BRUSSELS, Belgium -- Belgian authorities detained 14 people they described as Islamic extremists yesterday, saying they had uncovered a plot to use explosives to free an al-Qaida sympathizer jailed for planning to attack a U.S. air base.
The Belgian prime minister, Guy Verhofstadt, said in a statement, "Other acts of violence are not ruled out."
The authorities put the capital, Brussels, on a high state of alert, increasing security at main train stations, the airport and major public places where people were gathering to do their Christmas shopping.
The arrests came after the police raided 15 locations, most of them in Brussels, seizing explosives and arms.
Those detained were suspected of planning to try to break into a prison to free Nizar Trabelsi, a Tunisian former pro soccer player who was arrested days after the Sept. 11, 2001, terrorist attacks in the United States, in connection with a plot to drive a car bomb into an American air base in northeastern Belgium. Trabelsi was convicted in 2003 and sentenced to 10 years in prison.
The authorities did not offer any details about their suspicions or name the prison where Trabelsi was being held. A spokesman for the Interior Ministry, Peter Mertens, said the convict was "moved regularly."
Europe is already on a state of alert because of the Christmas holidays and the Algerian bombings last week, which killed dozens in the capital, Algiers. France and Belgium share concerns of terrorist threats from extremists among their Muslim populations.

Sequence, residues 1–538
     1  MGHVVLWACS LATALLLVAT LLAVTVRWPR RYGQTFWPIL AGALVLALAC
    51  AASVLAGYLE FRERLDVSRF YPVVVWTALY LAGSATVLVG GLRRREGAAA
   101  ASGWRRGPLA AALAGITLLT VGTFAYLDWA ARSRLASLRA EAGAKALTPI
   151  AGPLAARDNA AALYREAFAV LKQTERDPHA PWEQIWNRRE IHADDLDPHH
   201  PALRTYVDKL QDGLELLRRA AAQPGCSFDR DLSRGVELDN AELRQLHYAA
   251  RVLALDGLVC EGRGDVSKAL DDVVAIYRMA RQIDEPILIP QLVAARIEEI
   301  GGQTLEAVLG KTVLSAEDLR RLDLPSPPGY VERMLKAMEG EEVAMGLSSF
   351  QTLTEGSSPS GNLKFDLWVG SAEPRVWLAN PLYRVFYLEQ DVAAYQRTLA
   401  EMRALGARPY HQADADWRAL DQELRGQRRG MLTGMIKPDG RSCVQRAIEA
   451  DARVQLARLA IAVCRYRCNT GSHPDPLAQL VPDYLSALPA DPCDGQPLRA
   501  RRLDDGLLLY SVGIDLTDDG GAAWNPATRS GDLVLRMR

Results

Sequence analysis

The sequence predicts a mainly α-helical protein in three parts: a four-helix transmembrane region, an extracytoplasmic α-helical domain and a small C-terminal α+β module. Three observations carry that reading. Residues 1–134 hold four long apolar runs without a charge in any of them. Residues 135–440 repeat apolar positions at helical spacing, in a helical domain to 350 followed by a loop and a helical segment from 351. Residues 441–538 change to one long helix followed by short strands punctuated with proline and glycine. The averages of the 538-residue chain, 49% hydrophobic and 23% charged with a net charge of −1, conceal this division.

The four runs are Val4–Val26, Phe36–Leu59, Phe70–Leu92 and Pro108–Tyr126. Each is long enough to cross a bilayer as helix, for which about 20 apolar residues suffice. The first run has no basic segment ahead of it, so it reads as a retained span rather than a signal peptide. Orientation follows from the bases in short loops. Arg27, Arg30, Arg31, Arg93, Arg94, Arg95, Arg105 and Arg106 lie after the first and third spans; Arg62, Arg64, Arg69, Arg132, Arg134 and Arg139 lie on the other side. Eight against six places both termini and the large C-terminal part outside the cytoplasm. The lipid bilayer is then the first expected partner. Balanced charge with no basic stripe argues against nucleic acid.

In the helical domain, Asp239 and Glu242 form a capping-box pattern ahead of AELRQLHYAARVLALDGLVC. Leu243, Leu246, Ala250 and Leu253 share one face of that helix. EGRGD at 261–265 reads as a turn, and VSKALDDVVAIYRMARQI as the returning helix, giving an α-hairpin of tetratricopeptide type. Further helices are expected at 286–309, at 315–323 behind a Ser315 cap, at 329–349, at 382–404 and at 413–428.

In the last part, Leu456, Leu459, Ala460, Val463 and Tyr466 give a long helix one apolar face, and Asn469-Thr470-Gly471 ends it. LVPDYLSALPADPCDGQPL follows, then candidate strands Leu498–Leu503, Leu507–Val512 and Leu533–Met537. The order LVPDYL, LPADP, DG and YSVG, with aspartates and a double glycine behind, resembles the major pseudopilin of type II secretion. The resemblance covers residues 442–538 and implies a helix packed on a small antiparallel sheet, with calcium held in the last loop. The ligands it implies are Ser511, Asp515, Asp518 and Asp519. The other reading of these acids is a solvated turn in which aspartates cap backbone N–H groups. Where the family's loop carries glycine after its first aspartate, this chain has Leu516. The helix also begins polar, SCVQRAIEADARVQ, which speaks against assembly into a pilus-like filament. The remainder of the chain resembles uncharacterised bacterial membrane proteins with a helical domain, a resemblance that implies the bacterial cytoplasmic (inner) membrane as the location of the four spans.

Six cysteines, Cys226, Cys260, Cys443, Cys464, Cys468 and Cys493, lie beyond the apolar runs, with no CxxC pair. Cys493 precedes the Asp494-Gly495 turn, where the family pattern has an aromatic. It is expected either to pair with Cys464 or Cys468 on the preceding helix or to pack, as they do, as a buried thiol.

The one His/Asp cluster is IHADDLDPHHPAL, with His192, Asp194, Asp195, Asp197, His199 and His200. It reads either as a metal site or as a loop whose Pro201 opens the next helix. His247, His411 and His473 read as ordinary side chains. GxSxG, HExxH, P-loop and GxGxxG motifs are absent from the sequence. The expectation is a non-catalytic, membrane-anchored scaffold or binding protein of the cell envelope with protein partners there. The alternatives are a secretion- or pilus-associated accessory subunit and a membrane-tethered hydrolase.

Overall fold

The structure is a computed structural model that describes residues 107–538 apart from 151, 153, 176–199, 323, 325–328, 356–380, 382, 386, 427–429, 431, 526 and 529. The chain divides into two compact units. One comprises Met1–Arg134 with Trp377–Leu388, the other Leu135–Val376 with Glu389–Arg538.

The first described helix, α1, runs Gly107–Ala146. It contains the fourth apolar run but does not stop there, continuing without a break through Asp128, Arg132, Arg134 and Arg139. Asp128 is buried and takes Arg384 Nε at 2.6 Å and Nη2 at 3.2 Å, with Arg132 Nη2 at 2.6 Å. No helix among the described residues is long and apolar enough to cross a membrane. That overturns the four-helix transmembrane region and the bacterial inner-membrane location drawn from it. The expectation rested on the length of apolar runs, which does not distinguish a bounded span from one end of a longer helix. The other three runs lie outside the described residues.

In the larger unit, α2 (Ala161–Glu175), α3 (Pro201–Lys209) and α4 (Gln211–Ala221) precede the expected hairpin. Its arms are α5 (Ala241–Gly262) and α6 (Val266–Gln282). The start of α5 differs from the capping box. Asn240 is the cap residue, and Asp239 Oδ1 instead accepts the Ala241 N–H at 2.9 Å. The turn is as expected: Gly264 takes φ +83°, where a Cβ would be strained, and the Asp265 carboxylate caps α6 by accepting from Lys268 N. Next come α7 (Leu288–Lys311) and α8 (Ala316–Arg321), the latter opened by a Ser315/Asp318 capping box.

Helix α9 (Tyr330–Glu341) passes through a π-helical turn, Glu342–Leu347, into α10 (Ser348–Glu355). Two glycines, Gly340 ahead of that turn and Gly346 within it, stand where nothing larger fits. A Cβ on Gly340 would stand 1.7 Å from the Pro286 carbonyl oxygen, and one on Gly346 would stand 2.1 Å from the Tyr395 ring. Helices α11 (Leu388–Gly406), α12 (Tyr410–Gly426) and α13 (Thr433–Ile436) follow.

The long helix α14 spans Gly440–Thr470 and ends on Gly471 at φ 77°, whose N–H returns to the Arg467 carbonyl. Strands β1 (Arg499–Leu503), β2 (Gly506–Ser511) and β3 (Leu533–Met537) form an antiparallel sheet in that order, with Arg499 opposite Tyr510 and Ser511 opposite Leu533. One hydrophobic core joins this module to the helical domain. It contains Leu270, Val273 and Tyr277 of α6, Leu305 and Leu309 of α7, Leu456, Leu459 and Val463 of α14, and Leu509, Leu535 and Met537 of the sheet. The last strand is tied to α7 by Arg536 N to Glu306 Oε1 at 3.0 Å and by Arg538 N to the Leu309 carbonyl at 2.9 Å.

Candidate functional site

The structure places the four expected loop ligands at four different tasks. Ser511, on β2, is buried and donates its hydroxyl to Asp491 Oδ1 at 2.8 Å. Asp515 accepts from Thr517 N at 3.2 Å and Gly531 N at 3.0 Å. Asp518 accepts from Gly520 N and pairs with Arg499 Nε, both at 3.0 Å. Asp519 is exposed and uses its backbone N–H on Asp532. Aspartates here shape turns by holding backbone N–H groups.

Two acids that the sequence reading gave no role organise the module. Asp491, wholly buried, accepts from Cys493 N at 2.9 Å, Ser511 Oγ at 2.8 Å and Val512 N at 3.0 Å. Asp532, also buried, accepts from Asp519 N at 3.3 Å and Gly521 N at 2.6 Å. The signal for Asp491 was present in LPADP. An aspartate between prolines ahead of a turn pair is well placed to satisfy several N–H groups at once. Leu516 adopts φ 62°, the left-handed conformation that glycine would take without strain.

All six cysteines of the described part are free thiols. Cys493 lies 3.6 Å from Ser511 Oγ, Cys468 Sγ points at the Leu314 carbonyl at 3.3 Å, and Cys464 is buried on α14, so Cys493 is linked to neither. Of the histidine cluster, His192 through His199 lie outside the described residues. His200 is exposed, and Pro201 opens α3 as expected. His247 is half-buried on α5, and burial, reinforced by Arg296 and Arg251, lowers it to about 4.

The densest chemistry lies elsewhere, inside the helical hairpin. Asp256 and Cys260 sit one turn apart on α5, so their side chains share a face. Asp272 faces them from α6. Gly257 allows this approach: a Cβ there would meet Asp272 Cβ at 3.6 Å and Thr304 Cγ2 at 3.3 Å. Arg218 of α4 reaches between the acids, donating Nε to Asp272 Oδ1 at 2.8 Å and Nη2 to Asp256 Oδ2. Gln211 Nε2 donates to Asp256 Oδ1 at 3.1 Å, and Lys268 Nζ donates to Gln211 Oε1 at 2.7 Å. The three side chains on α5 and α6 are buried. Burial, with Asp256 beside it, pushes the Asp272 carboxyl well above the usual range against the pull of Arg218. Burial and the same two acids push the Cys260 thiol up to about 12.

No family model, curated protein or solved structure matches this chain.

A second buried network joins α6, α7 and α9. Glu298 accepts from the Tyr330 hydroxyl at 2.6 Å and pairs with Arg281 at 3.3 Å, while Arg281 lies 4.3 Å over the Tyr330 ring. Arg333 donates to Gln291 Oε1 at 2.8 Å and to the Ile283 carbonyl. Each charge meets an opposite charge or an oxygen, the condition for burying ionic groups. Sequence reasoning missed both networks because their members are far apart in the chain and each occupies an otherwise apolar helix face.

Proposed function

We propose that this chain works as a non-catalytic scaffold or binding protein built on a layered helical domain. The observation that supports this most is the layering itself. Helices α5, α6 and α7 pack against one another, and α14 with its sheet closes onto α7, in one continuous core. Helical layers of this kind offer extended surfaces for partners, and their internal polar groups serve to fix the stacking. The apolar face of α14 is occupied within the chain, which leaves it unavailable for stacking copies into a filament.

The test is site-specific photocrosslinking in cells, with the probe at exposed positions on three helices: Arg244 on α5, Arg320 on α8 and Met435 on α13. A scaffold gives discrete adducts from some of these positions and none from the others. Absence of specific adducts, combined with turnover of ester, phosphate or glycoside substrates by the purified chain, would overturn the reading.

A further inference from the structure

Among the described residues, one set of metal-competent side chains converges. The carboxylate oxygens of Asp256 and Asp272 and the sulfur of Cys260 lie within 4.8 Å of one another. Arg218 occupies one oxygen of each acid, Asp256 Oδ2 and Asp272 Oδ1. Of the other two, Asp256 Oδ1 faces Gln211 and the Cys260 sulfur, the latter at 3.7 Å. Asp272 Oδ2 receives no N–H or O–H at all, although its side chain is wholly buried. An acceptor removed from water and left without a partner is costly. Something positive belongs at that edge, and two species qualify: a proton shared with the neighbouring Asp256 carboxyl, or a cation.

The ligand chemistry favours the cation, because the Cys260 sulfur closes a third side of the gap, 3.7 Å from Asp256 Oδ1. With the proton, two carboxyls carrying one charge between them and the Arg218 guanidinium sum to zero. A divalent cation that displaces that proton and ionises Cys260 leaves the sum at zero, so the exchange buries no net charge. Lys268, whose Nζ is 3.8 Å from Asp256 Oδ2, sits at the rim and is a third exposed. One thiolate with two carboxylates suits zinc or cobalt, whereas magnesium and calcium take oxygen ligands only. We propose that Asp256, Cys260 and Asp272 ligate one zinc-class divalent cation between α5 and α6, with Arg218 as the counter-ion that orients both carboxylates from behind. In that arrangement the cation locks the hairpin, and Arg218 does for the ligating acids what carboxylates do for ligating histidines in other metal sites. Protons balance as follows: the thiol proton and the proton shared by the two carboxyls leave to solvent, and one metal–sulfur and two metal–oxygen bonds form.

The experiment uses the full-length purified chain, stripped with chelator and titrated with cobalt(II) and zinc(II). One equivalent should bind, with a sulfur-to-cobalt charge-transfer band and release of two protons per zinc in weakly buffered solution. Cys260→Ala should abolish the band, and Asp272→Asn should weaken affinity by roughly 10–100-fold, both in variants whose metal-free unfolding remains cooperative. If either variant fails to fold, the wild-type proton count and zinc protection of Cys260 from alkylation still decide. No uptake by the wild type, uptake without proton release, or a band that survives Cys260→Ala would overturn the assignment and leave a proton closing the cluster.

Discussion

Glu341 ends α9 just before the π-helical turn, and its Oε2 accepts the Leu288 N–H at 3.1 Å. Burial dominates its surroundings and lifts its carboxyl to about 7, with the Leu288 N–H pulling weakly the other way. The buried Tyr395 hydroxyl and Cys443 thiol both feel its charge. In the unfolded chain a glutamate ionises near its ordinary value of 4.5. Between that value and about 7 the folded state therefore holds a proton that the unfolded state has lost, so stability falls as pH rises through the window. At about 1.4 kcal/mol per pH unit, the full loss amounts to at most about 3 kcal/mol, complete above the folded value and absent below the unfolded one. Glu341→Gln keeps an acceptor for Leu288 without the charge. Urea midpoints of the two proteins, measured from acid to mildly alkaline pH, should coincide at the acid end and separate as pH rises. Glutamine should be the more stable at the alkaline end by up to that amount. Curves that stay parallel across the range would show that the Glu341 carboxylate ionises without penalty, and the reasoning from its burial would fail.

On Thursday, French police said they were holding five men believed to be members of a logistical support cell for al-Qaida in the Islamic Maghreb. That group is a long-standing terrorist group, previously called the Salafist Group for Preaching and Combat, which changed its name after affiliating with Osama bin Laden's network this year.
The five men were part of a group of eight people - six French citizens, an Algerian and a Tunisian - who were detained early Tuesday in Paris, its outlying districts and in the Rouen region of northwestern France, the news agency said, although three men were released Wednesday.
The newspaper Le Figaro described the arrest of the eight as "one of the biggest in 2007." It capped months of investigation, the agency reported.
A lawyer who represented Trabelsi at his trial but who no longer acts for him, Didier de Quevy, said he did not know whether his former client was aware of any plot to free him. "Anything is possible," said De Quevy. "He is being held in harsh conditions, and he could have acted out of desperation, but it does not correspond to the image of the person I knew, who was motivated by strong religious convictions."
De Quevy said he had not spoken to Trabelsi for about nine months.
In November 2005, Belgian police arrested 14 suspects in a series of raids aimed at breaking a terrorist network that the authorities said was involved in attacks on American targets in Iraq, including a suicide bombing by a Belgian woman in Baghdad in 2005.
At the time, Belgian police said the group was recruiting volunteers across Europe to assist al-Qaida in Mesopotamia, an extremist group of Sunni Iraqis that is a major force in the Iraq insurgency. American intelligence says it is foreign-led.